Plaintiff next maintains that the FBI has not provided sufficient details about the declassification of three of the five responsive documents referenced in the Vaughn index. (Hardy Decl., ¶ 23.) In particular, Plaintiff complains that the Vaughn index "does not include the type of classification..., identity of the classifier, date or event for automatic declassification or classification review or downgrading." (Docket No. 23-2, p. 4.) The FBI, however, is not asserting an exemption under the FOIA based on classified status, and Plaintiff has provided no authority requiring an agency to provide the information he requests in the absence of such an assertion. (Hardy Decl., ¶ 11.)
Next, Plaintiff suggests that the FBI may be withholding FD-71a complaint forms and FD-302 record-of-interview forms. (Docket No. 23-2, pp. 3, 4.) The FBI, however, did not conduct any interviews (Supp. Hardy Decl., ¶ 10 n. 3), and Plaintiff offers nothing but surmise and speculation that FD-71a forms may exist. See Grand Cent. , 166 F.3d at 489 (noting that the presumption of good faith enjoyed by agency affidavits is not overcome by bare allegations or speculative claims that additional documents exist).
Finally, Plaintiff asserts that the FBI failed to conduct a "text search" of the ECF index. (Docket No. 23-2, p. 5.) But the Vaughn index makes clear that the FBI performed such a search, and in fact, it was this search that yielded the five responsive documents. (Hardy Decl., ¶ 21; Supp. Hardy Decl., ¶ 10.)
Consequently, finding no merit in Plaintiff's contentions otherwise, this Court finds that Defendant conducted a reasonable search for responsive documents, thereby fulfilling its search obligations under the FOIA. See Garcia , 181 F.Supp.2d at 366.
2. Defendant's Claimed Exemptions
Exemptions in the FOIA are to be "narrowly construed since disclosure, not secrecy, is the dominant objective of the Act.'" Kennedy , 2004 WL 2284691, at *2 (quoting Dep't of the Air Force v. Rose , 425 U.S. 352, 361, 96 S.Ct. 1592, 48 L.Ed.2d 11 (1976)). Nonetheless, when responsive records fall within any of the applicable exemptions, disclosure is not required. See FLRA v. United States Dep't of Veterans Affairs , 958 F.2d 503, 508 (2d Cir. 1992).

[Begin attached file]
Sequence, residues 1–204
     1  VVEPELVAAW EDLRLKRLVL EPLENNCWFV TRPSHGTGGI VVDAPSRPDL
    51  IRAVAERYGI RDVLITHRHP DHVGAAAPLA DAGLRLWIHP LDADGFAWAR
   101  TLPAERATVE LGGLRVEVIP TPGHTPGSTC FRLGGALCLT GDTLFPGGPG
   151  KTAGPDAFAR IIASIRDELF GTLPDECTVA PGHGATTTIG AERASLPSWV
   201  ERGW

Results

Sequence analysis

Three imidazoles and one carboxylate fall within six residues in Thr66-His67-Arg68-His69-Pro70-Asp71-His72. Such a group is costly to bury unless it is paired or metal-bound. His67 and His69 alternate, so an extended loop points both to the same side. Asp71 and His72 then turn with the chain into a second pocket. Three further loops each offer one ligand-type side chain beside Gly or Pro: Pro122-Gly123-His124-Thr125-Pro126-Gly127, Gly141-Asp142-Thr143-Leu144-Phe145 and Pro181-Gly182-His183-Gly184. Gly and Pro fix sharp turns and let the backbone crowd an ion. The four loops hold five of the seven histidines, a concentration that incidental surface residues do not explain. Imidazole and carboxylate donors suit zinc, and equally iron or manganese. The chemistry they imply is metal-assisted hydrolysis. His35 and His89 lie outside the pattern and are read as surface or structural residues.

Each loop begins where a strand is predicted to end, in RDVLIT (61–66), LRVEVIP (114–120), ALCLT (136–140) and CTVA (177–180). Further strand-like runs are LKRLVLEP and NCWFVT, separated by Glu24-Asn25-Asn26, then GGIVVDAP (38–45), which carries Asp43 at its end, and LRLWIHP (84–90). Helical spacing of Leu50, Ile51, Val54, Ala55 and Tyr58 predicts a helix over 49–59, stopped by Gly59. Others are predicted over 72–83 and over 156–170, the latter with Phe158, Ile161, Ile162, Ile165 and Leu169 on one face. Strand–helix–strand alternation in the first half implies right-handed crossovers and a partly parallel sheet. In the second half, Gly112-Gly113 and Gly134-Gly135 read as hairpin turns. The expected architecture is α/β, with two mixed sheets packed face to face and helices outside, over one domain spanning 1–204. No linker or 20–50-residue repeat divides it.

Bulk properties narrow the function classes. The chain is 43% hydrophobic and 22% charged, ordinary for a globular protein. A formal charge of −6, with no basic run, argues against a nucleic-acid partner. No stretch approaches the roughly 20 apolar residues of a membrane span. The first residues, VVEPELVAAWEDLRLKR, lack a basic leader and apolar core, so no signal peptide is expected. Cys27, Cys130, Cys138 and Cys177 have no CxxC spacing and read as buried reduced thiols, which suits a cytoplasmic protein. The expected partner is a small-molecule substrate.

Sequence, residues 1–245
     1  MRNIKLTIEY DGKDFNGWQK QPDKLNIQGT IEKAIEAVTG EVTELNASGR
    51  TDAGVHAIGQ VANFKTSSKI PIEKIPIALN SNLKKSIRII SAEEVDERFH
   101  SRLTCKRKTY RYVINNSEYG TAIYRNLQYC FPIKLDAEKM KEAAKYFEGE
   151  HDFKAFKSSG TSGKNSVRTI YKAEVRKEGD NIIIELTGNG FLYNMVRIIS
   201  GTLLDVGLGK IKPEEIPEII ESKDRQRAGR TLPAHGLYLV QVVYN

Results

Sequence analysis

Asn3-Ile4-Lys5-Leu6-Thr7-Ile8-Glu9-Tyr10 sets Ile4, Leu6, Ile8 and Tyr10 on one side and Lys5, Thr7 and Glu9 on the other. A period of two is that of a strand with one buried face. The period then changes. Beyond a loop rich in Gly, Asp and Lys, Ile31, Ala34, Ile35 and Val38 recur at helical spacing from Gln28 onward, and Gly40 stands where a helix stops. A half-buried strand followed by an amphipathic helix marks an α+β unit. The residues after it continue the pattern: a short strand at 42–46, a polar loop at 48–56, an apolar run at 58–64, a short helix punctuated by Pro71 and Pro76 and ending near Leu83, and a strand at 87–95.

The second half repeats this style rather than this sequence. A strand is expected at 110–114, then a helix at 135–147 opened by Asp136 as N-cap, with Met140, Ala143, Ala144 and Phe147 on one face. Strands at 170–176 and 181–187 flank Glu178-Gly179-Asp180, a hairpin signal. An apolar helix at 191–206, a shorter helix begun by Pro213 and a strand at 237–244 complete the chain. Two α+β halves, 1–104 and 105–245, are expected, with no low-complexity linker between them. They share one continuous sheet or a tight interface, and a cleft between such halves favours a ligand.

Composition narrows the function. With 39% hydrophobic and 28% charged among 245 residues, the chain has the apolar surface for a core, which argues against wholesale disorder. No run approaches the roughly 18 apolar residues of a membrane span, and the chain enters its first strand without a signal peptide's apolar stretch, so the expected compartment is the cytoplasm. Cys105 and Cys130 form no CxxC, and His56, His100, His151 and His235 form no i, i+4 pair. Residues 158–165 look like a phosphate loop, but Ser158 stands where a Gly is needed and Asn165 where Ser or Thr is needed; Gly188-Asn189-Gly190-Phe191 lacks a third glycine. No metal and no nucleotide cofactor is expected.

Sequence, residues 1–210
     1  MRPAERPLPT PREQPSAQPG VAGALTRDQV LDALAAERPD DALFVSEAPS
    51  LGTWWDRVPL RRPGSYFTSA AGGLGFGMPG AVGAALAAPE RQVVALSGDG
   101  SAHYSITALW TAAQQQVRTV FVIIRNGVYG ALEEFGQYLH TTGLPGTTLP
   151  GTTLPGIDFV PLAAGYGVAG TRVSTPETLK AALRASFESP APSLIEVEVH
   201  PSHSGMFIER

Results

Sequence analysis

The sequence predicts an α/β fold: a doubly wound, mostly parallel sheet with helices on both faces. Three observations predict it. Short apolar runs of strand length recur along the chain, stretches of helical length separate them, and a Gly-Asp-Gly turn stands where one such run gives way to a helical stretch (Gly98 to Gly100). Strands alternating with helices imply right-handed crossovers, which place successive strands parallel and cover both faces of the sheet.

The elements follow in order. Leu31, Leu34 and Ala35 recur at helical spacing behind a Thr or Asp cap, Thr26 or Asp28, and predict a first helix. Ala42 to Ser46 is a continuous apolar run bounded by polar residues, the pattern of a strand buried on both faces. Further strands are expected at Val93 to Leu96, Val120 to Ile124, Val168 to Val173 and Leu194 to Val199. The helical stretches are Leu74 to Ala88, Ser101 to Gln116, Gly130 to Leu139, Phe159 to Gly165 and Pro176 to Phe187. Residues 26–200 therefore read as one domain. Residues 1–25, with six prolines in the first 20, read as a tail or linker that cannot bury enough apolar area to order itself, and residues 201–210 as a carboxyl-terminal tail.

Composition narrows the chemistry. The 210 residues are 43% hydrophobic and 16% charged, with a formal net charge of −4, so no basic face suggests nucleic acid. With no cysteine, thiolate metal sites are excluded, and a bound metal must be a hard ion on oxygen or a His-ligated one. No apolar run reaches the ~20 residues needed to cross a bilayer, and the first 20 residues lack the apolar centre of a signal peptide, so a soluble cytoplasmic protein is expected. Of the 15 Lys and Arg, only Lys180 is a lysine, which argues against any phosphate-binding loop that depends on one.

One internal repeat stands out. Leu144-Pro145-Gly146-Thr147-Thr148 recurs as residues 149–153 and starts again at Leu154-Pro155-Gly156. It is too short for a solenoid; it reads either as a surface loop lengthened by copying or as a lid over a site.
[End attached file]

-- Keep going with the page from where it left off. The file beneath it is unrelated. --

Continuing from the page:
In this case, Defendant withheld records pursuant to the following FOIA exemptions:
Exemption 6: Exempting "personnel and medical files and similar files the disclosure of which would constitute a clearly unwarranted invasion of personal privacy." Exemption 7(C): Exempting "records or information compiled for law enforcement purposes, but only to the extent that the production of such law enforcement records or information... (C) could reasonably be expected to constitute an unwarranted invasion of personal privacy." Exemption 7 (D): Exempting "records or information compiled for law enforcement purposes, but only to the extent that the production of such law enforcement records or information... (D) could reasonably be expected to disclose the identity of a confidential source, including a State, local, or foreign agency or authority or any private institution which furnished information on a confidential basis, and, in the case of a record or
information compiled by criminal law enforcement authority in the course of a criminal investigation or by an agency conducting a lawful national security intelligence investigation, information furnished by a confidential source." Exemptions 7 (E): Exempting "records or information compiled for law enforcement purposes, but only to the extent that the production of such law enforcement records or information... (E) would disclose techniques and procedures for law enforcement investigations or prosecutions, or would disclose guidelines for law enforcement investigations or prosecutions if such disclosure could reasonably be expected to risk circumvention of the law.